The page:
Without question, this has been a difficult year for the Hillsborough County Public Transportation Commission. There were allegations that it is too cozy with companies it regulates, and a contentious journey that thankfully has resulted in an operating agreement allowing Uber and Lyft to do business legally in the county.
These challenges have led to a number of Hillsborough residents — without an understanding of the other types of for-hire transportation the PTC regulates beyond taxis, Uber and Lyft — to call for disbanding the commission.
But as the Florida House and Senate seek a solution through legislative changes in the coming session of the Legislature, let's think about a key question: Should there be consumer protection for those who use for-hire transportation, including the disabled, as well as for those who are affected by towing and ambulance companies?
My response — a resounding yes — mirrors the feelings of many citizens in the Tampa Bay area.
If you are unlawfully towed or have a bad experience with a for-hire transportation service in Pinellas, Manatee or other area county, you have no recourse except to complain to the company providing the service. But in Hillsborough County, the PTC — created through a special act by the Legislature — serves as a third-party agency to help consumers.
And those who advocate eliminating consumer protection for other types of transportation beyond Uber and Lyft might not be aware of the value the PTC provides to consumers. Several examples:
• The agency conducts background checks on more than 1,000 public vehicle drivers each year, while also doing vehicle inspections.
• In the past year, the PTC has helped more than 20 consumers get all or part of their money back after questionable or illegal tows, while helping hundreds of other consumers who have called with questions.
• The agency ensures that all basic life support ambulances in Hillsborough have proper equipment and that drivers have the proper level of training to serve as BLS first responders.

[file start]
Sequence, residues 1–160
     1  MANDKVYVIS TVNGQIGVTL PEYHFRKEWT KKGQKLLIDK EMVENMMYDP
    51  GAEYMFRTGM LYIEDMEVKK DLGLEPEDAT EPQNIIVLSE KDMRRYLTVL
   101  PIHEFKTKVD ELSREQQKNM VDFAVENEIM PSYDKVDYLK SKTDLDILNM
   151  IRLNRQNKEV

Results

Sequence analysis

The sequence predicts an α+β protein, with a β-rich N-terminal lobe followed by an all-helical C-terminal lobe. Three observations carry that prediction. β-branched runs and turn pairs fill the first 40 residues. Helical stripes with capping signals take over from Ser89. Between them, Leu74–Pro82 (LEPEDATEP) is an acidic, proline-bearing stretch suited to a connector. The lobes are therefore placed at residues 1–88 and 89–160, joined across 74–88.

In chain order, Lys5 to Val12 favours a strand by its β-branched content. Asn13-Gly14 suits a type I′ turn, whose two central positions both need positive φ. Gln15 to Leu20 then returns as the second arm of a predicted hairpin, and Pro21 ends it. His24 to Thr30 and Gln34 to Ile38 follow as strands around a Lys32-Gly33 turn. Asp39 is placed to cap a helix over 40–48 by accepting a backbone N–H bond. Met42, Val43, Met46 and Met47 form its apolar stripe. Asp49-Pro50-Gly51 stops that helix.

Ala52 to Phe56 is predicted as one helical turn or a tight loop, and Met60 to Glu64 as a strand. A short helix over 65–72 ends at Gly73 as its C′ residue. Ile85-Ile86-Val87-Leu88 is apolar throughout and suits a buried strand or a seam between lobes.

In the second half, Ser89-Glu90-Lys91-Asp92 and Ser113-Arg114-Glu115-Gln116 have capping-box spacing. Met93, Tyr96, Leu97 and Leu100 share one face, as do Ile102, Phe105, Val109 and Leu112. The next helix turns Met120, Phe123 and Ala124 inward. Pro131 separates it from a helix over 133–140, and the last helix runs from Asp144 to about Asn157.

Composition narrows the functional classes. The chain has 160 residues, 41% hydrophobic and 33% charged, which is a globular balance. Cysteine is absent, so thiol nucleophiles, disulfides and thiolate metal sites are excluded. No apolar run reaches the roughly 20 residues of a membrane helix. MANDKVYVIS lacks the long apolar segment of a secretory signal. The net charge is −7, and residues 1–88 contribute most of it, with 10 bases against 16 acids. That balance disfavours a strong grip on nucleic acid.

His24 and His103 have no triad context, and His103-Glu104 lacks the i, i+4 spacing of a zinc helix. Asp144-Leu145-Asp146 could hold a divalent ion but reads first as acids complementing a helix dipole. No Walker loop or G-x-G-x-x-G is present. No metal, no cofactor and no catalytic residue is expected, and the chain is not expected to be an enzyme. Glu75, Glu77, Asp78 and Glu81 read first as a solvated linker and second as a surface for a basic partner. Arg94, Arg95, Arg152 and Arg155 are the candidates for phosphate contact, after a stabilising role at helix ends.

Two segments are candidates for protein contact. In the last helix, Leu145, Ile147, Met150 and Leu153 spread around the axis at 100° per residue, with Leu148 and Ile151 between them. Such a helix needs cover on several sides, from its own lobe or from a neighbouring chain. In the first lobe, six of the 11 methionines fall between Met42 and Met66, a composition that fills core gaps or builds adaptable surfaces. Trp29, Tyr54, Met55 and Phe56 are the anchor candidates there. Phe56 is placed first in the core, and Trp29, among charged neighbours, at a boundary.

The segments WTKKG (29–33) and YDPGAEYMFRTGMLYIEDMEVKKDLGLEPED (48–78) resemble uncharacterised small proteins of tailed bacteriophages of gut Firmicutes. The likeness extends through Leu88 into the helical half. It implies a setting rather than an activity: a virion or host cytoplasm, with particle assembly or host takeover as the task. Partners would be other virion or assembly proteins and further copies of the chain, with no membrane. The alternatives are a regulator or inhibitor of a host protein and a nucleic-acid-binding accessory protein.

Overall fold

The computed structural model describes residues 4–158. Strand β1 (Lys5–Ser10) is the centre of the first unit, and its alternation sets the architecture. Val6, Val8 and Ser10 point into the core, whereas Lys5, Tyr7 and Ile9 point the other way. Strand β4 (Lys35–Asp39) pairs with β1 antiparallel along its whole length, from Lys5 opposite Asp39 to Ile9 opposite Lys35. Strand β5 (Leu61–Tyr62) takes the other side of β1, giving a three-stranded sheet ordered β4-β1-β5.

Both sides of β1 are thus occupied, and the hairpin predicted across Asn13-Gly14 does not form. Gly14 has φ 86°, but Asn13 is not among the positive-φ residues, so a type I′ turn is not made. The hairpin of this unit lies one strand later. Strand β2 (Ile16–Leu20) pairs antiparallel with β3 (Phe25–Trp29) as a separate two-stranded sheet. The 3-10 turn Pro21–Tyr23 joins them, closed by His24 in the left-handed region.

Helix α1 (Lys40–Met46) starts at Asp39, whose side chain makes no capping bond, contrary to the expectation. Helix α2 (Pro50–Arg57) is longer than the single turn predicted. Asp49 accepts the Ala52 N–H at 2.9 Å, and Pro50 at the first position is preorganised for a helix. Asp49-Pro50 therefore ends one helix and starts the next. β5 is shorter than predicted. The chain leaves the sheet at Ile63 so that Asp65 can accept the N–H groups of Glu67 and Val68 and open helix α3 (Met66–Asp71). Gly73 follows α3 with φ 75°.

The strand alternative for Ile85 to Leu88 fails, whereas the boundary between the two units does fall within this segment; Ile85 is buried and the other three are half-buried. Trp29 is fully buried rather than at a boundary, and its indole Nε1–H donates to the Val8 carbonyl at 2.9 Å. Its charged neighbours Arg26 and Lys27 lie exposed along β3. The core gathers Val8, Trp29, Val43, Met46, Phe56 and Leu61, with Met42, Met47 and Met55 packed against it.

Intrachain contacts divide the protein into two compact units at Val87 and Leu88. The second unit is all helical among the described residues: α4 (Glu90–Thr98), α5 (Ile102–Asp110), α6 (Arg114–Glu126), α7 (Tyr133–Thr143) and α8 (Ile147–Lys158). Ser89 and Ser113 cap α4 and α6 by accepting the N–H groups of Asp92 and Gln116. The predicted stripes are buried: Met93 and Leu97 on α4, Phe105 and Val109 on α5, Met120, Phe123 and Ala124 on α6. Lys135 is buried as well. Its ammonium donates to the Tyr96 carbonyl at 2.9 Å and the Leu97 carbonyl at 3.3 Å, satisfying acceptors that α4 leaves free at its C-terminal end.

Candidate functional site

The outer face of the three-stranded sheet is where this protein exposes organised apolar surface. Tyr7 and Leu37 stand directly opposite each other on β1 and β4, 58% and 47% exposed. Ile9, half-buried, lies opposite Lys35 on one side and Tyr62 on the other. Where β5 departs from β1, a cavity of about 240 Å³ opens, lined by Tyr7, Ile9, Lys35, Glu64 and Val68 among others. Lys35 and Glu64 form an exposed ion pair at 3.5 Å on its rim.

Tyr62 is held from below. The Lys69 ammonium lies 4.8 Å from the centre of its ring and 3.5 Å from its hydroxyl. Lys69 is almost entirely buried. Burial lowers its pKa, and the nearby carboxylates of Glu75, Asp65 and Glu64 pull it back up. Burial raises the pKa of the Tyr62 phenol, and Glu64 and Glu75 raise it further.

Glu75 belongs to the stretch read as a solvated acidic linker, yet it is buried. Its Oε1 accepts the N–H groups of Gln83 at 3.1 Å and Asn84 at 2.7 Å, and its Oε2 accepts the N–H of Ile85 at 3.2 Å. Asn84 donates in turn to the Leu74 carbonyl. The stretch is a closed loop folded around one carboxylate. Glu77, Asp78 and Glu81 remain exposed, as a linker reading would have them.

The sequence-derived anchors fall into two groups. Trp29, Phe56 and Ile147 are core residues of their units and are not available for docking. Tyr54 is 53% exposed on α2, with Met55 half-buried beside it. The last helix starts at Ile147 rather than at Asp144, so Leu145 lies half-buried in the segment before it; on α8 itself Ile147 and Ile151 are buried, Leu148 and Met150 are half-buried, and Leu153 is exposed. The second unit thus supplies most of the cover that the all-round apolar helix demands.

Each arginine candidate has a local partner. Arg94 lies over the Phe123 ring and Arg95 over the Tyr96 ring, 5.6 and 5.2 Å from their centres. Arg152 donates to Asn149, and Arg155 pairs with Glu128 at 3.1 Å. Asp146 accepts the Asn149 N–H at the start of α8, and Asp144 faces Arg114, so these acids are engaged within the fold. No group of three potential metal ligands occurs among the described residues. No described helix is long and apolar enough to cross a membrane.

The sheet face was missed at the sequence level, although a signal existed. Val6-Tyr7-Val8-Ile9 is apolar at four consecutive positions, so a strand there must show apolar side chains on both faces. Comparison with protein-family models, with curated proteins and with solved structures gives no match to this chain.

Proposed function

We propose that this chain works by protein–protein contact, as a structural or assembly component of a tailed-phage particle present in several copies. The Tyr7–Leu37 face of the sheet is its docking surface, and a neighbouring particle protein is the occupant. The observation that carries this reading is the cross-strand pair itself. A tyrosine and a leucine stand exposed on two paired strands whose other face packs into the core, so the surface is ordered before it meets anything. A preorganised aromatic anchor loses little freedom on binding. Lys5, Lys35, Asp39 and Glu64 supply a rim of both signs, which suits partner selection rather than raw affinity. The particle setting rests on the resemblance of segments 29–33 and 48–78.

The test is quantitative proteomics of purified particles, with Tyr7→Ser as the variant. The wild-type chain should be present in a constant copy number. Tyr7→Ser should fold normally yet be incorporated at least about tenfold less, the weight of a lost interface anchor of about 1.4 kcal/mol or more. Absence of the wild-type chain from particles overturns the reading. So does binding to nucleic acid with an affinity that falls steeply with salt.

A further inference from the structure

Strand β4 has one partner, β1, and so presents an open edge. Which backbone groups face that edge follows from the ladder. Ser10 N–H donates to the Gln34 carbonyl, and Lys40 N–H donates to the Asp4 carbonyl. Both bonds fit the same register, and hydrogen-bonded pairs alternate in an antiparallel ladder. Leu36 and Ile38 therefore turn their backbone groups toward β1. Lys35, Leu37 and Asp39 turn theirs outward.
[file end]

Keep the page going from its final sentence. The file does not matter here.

A number of options are being discussed for changing the state's special act that created the PTC, tied to wider discussions by our state legislators about how best to regulate the rideshare industry across Florida. Among them: abolish the PTC and have its duties handled by Hillsborough County.
In my roles as chairman of the PTC's board and as a Hillsborough County commissioner, I can see the merits of seriously considering this idea, as long as the consumer protection provided by the agency remains in place for county residents and visitors who use taxis, limos or rideshares or who have dealings with towing or ambulance companies.
Also, it's important that Hillsborough's three cities and its county taxpayers don't get saddled with extra costs if the PTC's functions move under the county's purview. Contrary to what you might hear, the PTC is not taxpayer-funded; it is funded by fees paid by the companies it regulates. So keeping this funding system in place would ensure that there would be no extra day-to-day cost to taxpayers if responsibilities were transferred to the county.
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As the discussion moves forward in the coming state legislative session, my hope is that the Legislature can create statewide rules for the for-hire transportation industry — including both taxi and rideshare companies — that provide a level playing field for all.
I hope that as the Legislature considers the future of the PTC, it keeps in place the consumer protection for all types of for-hire transportation. If you agree, I urge you to contact your state legislator and relay your thoughts on this matter.
There is a difference between having a level playing field — which is imperative — and having no regulation or consumer protection at all. Let's choose the former and not the latter.
Al Higginbotham serves as chairman of the Hillsborough County Public Transportation Commission's Board and is a member of the Hillsborough County Commission, representing countywide District 7.